October 17, 2020 8 min read

Any owner who lives in a region that experiences cold weather will wonder if a Beagle needs any special care in the winter. 
Beagle running in winter snow
After all, this is a hound dog with a colorful history of hunting outdoors and spending countless hours tramping through the fields. So, does a Beagle need to be winterized? 
The answer may surprise you and it will certainly help your puppy or dog stay more comfortable and healthy during the cold winter months.
Winter brings much drier air than other seasons and of course, cold temperatures. These two elements can have an effect on a Beagle's:
• Paws
• Nose
• Skin
• Coat
• Rate of shedding
• Appetite
• Ability to control body temperature
In this section, we are going to discuss:
• Preventative care to protect certain areas of the body
• Changes to expect in regard to grooming and eating
• How long a Beagle can safely be outside in the winter

What Winter Air Can Do

Even when it snows, the humidity during the winter is generally much lower than any other time of the year. This applies to both outside and inside air. While one day of exposure to dry air would have very little effects on a Beagle, several months can cause a drying of the paws, nose and skin.  
The Paws
What happens - A Beagle's paws take a beating in the winter. Not only do the leather paw pads dry out due to the arid air, walking on winter surfaces has quite an effect as well. One of the biggest culprits is ice melt chemicals.
Even if you do not use these on your own walkway and/or driveway, they are often brought in by vehicles that have traveled on town and city roadways.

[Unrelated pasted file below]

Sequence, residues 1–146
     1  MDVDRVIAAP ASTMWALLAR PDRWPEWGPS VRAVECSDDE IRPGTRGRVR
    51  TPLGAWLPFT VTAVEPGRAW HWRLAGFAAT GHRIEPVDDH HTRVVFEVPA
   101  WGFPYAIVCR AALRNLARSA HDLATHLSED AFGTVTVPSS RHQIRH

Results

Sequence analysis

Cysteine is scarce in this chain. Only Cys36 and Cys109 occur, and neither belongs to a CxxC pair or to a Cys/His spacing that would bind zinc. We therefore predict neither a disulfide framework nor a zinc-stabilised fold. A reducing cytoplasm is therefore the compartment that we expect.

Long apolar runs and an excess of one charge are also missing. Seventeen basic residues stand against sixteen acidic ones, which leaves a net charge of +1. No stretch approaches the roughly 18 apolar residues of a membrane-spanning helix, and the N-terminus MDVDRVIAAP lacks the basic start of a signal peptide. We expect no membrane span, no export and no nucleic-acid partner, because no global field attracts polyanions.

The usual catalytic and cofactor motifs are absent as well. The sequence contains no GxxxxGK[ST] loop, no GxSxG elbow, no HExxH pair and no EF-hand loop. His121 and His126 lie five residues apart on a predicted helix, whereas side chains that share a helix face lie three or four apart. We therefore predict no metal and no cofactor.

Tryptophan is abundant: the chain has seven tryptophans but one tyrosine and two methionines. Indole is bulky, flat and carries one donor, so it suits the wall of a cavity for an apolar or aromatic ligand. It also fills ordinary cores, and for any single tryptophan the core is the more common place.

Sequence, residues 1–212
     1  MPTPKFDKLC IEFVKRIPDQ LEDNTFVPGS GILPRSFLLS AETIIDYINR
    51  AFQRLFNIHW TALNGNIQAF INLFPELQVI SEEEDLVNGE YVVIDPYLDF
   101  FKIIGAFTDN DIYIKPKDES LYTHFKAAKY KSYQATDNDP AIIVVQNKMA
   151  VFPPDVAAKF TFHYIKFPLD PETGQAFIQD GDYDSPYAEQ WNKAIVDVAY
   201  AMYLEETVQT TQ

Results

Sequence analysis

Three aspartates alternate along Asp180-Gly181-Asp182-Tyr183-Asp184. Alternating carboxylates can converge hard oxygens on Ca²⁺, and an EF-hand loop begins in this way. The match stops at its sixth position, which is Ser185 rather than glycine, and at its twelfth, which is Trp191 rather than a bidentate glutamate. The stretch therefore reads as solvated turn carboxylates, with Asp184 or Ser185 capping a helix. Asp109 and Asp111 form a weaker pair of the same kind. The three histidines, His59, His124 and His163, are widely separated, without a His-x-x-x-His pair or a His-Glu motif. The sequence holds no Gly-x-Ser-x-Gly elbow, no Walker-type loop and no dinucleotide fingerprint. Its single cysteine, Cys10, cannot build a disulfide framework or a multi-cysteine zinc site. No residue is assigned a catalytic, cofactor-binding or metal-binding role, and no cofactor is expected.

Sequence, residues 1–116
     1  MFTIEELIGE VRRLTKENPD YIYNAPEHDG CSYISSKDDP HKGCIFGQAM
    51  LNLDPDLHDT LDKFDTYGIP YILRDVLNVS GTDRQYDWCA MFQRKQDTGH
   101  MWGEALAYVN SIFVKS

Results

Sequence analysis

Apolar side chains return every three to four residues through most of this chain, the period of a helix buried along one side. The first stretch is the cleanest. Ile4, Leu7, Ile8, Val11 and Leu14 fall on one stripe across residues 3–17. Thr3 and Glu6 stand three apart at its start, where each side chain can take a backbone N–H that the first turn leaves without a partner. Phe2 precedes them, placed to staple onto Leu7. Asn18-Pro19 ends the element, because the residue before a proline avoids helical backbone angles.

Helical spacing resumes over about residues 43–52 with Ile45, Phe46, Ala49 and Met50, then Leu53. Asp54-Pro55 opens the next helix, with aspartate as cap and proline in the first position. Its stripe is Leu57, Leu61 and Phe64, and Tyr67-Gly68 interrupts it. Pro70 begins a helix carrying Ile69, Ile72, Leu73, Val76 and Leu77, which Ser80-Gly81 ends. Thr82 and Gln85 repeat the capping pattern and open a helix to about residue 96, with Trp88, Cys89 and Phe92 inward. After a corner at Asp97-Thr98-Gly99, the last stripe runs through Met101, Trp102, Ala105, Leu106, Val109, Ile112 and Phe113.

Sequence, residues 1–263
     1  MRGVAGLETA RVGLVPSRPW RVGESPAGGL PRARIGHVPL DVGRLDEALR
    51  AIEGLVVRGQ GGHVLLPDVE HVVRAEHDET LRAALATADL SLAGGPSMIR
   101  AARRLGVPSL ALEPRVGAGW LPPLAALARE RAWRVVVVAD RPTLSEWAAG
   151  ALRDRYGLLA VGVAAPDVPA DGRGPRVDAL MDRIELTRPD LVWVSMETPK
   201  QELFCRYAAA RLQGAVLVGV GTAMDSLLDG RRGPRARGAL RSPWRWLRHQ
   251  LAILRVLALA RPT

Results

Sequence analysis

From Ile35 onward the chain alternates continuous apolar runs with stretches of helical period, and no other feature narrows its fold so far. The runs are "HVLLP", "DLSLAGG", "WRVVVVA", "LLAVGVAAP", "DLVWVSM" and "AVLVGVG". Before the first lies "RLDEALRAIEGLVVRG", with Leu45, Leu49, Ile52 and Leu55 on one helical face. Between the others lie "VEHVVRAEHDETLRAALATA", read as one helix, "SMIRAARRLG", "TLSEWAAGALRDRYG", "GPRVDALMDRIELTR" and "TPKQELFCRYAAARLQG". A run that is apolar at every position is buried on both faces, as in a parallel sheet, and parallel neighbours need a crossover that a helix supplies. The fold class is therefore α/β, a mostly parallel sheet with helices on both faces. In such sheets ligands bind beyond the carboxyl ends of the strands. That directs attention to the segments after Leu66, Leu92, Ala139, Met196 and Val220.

When a Beagle is taken for walks, his paws may receive a gradual chemical burn due to these substances.
In addition, many towns sand the roads which are another element that can be tracked onto the route that you walk your Beagle. These tiny pebbles - over time - can aggravate the pads.
What to do - It's best to be proactive before any issues start and a good way to do that is to protect the paws with canine paw wax. It adds a layer of protection from ice, salt and other outdoor elements while maintaining good traction. It is commonly used for hunting and mushing; though applying some to a pet Beagle before heading outside in the winter can keep the paws healthy during the cold spells.  
Best are products that are 100% waxed based creams that contain vitamin E. You'll want to apply it to not only the pads but also between a Beagle's toes. Quality products dry almost instantly, making them easy to use. Quality balms will be semi- permeable and therefore will only need to be applied about once per week.
The Nose
What happens - The drying effects of both wind and cold will chap a Beagle's nose; especially if the puppy or dog tends to lick his nose…and most do. Slight nose chapping will cause slight tingling or itchiness that increases when outside. In response, the Beagle will lick which only causes the nose to chap even more.
This not only causing chapping in the winter, but if it is left untreated it can lead to quite severe cracking and then be vulnerable to infection. See also:  Beagle Dry, Peeling Nose.
What to do - You'll want to use a canine nose balm to protect the nose leather as part of the winter care for your Beagle. These products are sometimes referred to as snout butters or creams. These will prevent problems as well as treat existing issues with cracking. It is recommended to use an organic balm that is fragrance free.